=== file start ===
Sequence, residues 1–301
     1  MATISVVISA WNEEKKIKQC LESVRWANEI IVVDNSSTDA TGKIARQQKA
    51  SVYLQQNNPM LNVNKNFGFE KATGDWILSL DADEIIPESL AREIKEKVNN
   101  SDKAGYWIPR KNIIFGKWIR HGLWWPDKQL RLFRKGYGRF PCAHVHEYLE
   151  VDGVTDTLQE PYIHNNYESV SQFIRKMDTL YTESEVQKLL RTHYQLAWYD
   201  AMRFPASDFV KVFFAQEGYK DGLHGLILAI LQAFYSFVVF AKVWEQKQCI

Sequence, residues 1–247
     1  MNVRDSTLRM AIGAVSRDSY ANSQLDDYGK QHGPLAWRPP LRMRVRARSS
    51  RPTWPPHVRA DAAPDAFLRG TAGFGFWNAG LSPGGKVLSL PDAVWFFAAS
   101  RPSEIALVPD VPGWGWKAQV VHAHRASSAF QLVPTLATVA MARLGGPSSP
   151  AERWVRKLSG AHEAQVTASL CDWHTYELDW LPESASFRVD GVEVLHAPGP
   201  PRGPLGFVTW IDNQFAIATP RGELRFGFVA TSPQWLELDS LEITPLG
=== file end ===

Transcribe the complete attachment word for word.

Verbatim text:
Sequence, residues 1–301
     1  MATISVVISA WNEEKKIKQC LESVRWANEI IVVDNSSTDA TGKIARQQKA
    51  SVYLQQNNPM LNVNKNFGFE KATGDWILSL DADEIIPESL AREIKEKVNN
   101  SDKAGYWIPR KNIIFGKWIR HGLWWPDKQL RLFRKGYGRF PCAHVHEYLE
   151  VDGVTDTLQE PYIHNNYESV SQFIRKMDTL YTESEVQKLL RTHYQLAWYD
   201  AMRFPASDFV KVFFAQEGYK DGLHGLILAI LQAFYSFVVF AKVWEQKQCI

Sequence, residues 1–247
     1  MNVRDSTLRM AIGAVSRDSY ANSQLDDYGK QHGPLAWRPP LRMRVRARSS
    51  RPTWPPHVRA DAAPDAFLRG TAGFGFWNAG LSPGGKVLSL PDAVWFFAAS
   101  RPSEIALVPD VPGWGWKAQV VHAHRASSAF QLVPTLATVA MARLGGPSSP
   151  AERWVRKLSG AHEAQVTASL CDWHTYELDW LPESASFRVD GVEVLHAPGP
   201  PRGPLGFVTW IDNQFAIATP RGELRFGFVA TSPQWLELDS LEITPLG